!Public Service Announcement!

This post contains instances of pride…

…because I’m about to have a little boast.

I got a place at University of Chicago!!!!!! (Ok, so that many exclamation marks probably qualifies as a medium-sized boast. My bad – false advertising.)

The only diptera in the soup is… I am waaaaaay out of practice. The place is for a Master’s in Humanities with an option in Creative Writing, and the last time I set fingers to keys in an academic setting was close on two years ago, while the only creative writing I do is this somewhat sporadic blog. So, in the name of training, I have taken the phrase “write what you know” as my own personal motto. Voila, here, for your perusing pleasure, shall I rhapsodise, proselytise and otherwise soliloquise… about my life.

And, right now, about my week of Alice in Wonderland.

I feel a (now, not so) secret glee when it comes to Alice in Wonderland for the following shameful reason: throughout my three years at Oxford, Alice in Wonderland was the only set text I actually read every syllable of. ALL others were either skimmed, selectively thumbed, listened to on audiobook or used to prop up my terminally wonky desk. Thinking about Alice, I feel smug. I KNOW her. Biblically.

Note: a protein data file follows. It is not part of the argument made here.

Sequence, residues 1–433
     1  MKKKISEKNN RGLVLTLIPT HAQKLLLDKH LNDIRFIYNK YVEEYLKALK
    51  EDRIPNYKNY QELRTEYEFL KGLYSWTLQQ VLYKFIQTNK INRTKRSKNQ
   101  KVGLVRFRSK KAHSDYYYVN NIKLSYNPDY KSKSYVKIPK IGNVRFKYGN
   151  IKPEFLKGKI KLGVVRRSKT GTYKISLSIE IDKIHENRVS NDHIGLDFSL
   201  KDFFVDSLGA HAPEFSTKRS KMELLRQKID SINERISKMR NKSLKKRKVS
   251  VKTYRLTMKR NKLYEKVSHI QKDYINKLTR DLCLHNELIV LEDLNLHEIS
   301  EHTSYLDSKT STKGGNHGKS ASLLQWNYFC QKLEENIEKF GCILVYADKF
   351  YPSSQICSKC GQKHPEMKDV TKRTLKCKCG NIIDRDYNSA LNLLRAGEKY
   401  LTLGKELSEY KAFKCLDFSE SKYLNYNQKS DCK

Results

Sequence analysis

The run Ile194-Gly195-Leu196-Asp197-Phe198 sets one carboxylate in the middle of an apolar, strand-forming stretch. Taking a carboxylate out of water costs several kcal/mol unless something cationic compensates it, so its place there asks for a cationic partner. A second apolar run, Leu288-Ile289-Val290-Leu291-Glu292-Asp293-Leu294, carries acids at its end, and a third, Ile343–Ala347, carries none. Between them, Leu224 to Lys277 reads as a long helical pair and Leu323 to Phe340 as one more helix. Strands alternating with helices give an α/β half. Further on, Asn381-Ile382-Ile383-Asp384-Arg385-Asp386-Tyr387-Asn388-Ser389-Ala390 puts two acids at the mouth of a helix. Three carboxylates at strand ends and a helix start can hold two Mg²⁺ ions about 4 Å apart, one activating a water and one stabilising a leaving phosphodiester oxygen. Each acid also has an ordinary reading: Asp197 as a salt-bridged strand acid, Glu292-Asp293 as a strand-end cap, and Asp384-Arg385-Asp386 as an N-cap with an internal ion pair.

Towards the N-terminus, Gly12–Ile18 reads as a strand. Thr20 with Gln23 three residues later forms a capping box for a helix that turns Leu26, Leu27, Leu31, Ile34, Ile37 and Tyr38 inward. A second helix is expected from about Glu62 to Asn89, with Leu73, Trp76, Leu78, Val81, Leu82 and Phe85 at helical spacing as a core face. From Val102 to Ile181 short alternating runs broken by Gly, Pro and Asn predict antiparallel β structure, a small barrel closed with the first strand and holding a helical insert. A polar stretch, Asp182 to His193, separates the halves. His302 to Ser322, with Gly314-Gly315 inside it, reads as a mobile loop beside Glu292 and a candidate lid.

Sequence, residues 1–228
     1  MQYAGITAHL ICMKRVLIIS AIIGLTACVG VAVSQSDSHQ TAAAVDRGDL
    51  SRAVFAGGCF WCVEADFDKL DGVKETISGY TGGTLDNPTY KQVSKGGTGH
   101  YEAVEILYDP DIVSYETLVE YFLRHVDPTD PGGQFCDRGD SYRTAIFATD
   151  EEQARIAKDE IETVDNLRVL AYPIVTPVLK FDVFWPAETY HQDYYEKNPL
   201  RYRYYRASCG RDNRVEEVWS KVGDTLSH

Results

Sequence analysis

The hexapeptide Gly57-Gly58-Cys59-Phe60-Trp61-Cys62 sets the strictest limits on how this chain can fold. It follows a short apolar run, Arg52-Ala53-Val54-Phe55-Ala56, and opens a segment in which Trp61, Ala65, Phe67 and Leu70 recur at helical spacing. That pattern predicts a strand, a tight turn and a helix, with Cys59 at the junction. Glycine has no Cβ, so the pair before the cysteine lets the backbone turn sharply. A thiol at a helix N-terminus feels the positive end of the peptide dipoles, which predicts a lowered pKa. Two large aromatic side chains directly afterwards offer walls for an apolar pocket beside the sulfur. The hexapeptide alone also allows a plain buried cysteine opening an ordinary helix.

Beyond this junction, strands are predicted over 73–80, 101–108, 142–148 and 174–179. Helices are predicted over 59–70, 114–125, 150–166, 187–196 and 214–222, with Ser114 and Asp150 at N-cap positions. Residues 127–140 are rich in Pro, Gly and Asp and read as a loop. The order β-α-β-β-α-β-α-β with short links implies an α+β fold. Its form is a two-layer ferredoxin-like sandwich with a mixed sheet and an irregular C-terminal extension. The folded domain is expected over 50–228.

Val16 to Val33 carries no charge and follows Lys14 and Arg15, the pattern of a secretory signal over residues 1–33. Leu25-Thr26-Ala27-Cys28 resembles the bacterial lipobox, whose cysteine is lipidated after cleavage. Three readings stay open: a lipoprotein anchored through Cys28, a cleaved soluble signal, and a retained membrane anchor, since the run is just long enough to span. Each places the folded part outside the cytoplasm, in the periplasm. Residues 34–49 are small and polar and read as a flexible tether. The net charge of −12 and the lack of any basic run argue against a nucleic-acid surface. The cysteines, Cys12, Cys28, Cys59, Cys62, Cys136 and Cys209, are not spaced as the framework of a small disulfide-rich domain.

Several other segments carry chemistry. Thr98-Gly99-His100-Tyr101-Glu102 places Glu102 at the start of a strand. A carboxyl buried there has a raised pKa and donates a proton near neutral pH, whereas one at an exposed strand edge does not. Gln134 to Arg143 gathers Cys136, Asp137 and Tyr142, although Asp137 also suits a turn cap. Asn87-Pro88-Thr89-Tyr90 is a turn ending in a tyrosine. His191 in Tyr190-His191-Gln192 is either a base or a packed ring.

So imagine the surge of excitement I felt at the news of new interpretations!

Enter Alice 1.

Peter and Alice. John Logan’s intense play sees the boy who inspired Peter Pan meeting the girl who inspired Alice in Wonderland… and indulging in a heavy session of good old fashioned English complaining. The play is 90 interval-free minutes of philosophical exploration of the nature of a child’s innocence: its power to both enrapture and enslave the adult mind, its potency in inspiration, its darker side since it will and does one day desert us. I am not one for mincing my words. The play is genius.